This weekend’s Academy Awards is probably the last place most people would look for NASA technology, but it’s there: the coveted Oscar trophy is coated in the same gold that helps telescopes glimpse distant galaxies.
Gold is useful in space, because it is good at reflecting infrared wavelengths of light, which help to detect celestial objects from very far away. Even better, says Goddard Space Flight Center physicist Jim Tuttle, “gold is really inert. It doesn’t oxidize at all.” That means it won’t tarnish.
Because of both of those properties, gold is also a good way to block the absorption of radiant heat. That’s why the James Webb Space Telescope team chose gold to coat a 32-foot refrigerant tube that cools the Mid-Infrared Instrument, or MIRI.
The most common method for gold coating is by vapor deposit — the metal is heated in a vacuum until it becomes a gas, which then condenses in a thin layer across a surface.
The process is effective but has drawbacks. For one, the gold loses some of its reflectivity. Beyond that, the gold becomes extremely delicate.
“We’ve seen many times over the years, that somebody will put a nice gold coating on something, but as soon as you bend it, all of a sudden a whole layer of gold will peel up and flake off,” says Goddard engineer John Gygax. Not only does that lower reflectivity, but the flakes can interfere with sensitive instruments.
Good Enough for Mars
The telescope’s designers wanted a gold-plating method that would maintain the high reflectivity of solid gold and be extremely durable. For that, they turned to Brooklyn-based Epner Technology, which has been working with NASA since the 1970s and perfected its electroplating technique doing aerospace work in the 1990s.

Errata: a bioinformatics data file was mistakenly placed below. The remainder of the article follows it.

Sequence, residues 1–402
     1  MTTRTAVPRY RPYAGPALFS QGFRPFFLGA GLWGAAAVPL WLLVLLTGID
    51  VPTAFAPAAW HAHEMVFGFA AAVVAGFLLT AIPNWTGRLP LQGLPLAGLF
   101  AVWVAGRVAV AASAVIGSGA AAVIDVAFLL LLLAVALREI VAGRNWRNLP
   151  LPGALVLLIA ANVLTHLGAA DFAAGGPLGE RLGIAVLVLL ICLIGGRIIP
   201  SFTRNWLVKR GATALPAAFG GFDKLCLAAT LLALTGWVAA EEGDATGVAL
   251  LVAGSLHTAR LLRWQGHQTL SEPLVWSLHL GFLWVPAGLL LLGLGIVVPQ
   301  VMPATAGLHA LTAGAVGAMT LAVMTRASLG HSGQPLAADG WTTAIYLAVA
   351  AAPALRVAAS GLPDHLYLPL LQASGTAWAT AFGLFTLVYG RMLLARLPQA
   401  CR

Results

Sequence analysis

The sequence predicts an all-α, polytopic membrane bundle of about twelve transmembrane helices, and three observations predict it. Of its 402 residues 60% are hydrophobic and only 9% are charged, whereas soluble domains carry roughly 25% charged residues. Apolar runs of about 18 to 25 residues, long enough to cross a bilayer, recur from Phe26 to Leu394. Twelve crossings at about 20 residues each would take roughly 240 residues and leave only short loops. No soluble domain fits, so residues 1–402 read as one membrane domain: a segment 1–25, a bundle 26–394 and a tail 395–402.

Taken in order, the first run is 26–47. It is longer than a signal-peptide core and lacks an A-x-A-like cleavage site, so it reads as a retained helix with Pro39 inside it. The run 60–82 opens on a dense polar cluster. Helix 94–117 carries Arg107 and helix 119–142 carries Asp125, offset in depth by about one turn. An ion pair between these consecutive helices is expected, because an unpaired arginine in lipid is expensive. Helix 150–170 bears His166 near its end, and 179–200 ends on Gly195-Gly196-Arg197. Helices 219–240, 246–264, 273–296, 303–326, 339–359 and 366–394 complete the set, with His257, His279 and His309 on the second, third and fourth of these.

Epner Technology claimed its gold would never flake off, but, says Gygax, “we were hesitant. That’s why we made them prove it to us — and they did.”
The company also boasted its gold plating was significantly more reflective than vapor-deposited gold. Again, the Goddard team wanted to be sure, so this time they turned to Tuttle, a cryogenics researcher who designed an experiment that showed the reflectance would be sufficient at its extremely low operating temperatures aboard Webb.
Epner uses an electroplating process it calls LaserGold. The resulting coating was already harder and more reflective than vapor-deposited gold, but both attributes have been further improved through the company’s NASA work. One key improvement came when NASA told Epner it needed better reflectivity on a gold-plated mirror for the Mars Orbiter Laser Altimeter, without losing strength.
At around the same time, the team building the Keck Observatory telescopes needed additional hardness to ensure its gold-plated secondary infrared mirror was cleanable without any scratching. (Keck was not a NASA mission, though the space agency later joined as a partner.)
In order to meet the needs of both aerospace projects, Epner tweaked its proprietary processes to ensure the highest possible reflectivity while also achieving a hardness triple that of pure gold. The trick, Epner explains, was in modifying the electric current to get a more tightly packed atom. Because the gold remains pure, the reflectivity remains extremely high.
And the Oscar Goes to . . .
Epner has been using the improved technique for its varied commercial clients ever since, from Braun ear thermometers to infrared carbon dioxide detectors to jewelry from gold-plated lace.
In 2016, Epner’s reputation for durable and brilliant gold coatings, built in part through its many years working for NASA, brought a new client: the Academy of Motion Picture Arts and Sciences. The Academy was awestruck that Epner Technology was giving them a plating technique that had been used for gold in space for 30, 35 years, company president David Epner recalls.
For more than three decades, a trophy manufacturer had been casting the Oscars in a tin alloy and then plated them with gold. They shone — but the coating wore off.
“We guaranteed that our gold coating will never come off,” Epner says. In fact, Epner has offered a lifetime guarantee to replate, for free, any Oscar that starts to show wear. “That’s something I’ll never have to make good on,” he says.
NASA has a long history of transferring technology to the private sector. Each year, the agency’s Spinoff publication profiles about 50 NASA technologies that have transformed into commercial products and services, demonstrating the wider benefits of America’s investment in its space program. Spinoff is a publication of the Technology Transfer Program in NASA’s Space Technology Mission Directorate.
Filed Under: Aerospace + defense